— on TV sitcoms where fathers are often portrayed as morons or in real life where there are efforts to eliminate the word “father” and replace it with “parent” or “partner.” But fathers, if they follow the guidance of “Our Father” in Heaven, are a vital part of the family, and of society, since the family is the basic unit of society. Without strong fathers, we won’t have strong families, and without strong families, our society will collapse. We call God Father because Jesus told us to do so and because God is the first origin of everything and at the same time the perfect role model of goodness and loving care for His children. Thus, we associate with fathers such good qualities as protective love, fidelity, leadership, strength, security, and stability, and we should not be swayed against using this term of endearment by those who promote negative images of fatherhood based on the failings of fallible human fathers. Instead of wondering what gifts you would like this Father’s Day, may we suggest to all fathers reading this that you ask yourself, “What gift can I give to my family?” How about being a more loving spouse to your wife and a more loving and involved father to your children? How about being truly interested in what is important to each of them, setting aside quality time to listen and support them? How about praying with the family, going to Mass together with them, reading the Bible, and discussing religion together? A Christ-like father can be the greatest gift to his wife and to his children. Happy Father’s Day!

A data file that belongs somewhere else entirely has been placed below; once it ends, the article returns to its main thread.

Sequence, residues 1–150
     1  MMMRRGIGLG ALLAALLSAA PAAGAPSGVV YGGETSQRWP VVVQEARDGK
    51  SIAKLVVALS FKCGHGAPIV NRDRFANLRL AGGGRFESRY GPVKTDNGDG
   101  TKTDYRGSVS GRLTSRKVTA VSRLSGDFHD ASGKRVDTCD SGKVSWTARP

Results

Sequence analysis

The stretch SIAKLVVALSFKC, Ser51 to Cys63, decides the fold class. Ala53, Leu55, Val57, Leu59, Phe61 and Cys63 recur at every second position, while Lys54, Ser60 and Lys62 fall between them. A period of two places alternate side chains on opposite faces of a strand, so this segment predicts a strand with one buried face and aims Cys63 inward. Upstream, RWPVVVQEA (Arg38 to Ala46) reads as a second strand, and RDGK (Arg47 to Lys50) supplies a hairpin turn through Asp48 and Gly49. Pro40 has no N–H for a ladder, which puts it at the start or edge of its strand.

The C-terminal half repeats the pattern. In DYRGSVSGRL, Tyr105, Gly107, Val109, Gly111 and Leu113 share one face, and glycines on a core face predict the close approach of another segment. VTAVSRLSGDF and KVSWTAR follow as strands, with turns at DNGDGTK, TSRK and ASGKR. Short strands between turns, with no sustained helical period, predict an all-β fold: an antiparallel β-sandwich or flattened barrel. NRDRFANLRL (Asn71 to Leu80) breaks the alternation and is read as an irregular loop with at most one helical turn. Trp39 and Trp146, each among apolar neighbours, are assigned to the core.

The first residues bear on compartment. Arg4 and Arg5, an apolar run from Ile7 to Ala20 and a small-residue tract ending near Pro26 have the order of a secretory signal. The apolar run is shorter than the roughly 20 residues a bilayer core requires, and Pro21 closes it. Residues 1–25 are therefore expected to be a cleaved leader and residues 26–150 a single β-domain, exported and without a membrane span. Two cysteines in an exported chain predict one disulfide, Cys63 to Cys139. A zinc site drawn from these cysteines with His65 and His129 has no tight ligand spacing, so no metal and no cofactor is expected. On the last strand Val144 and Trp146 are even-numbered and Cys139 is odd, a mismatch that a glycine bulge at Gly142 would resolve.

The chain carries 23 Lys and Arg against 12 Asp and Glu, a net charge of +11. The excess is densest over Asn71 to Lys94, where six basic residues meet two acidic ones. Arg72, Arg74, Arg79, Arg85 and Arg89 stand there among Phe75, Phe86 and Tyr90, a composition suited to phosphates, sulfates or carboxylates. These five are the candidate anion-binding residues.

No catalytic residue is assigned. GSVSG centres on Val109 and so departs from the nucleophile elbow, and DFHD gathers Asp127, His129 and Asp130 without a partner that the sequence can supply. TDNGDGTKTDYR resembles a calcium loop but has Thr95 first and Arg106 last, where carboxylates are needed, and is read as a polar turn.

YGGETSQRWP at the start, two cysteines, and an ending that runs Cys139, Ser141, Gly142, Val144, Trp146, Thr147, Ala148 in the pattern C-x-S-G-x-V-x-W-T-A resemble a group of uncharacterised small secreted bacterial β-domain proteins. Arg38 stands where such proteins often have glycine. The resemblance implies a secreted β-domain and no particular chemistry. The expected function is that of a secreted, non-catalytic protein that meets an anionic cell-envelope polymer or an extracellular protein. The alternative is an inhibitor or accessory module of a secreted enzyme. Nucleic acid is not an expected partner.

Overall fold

Adult Formation

 — To help you to know your Catholic

Faith better, we have been making available in the front foyer of the Church books and CDs that are both interesting and informative — and inexpensive. Here are some of the latest CDs available for your purchase:

 The Treasure of Our Soul: The Apostles’ Creed by Scott Hahn; Love, Sacrifice,and Trust by Fr. Mike Schmitz; Chaplet of Divine Mercy in Song by Vicki Kueppers, Who Am I to Judge by Edward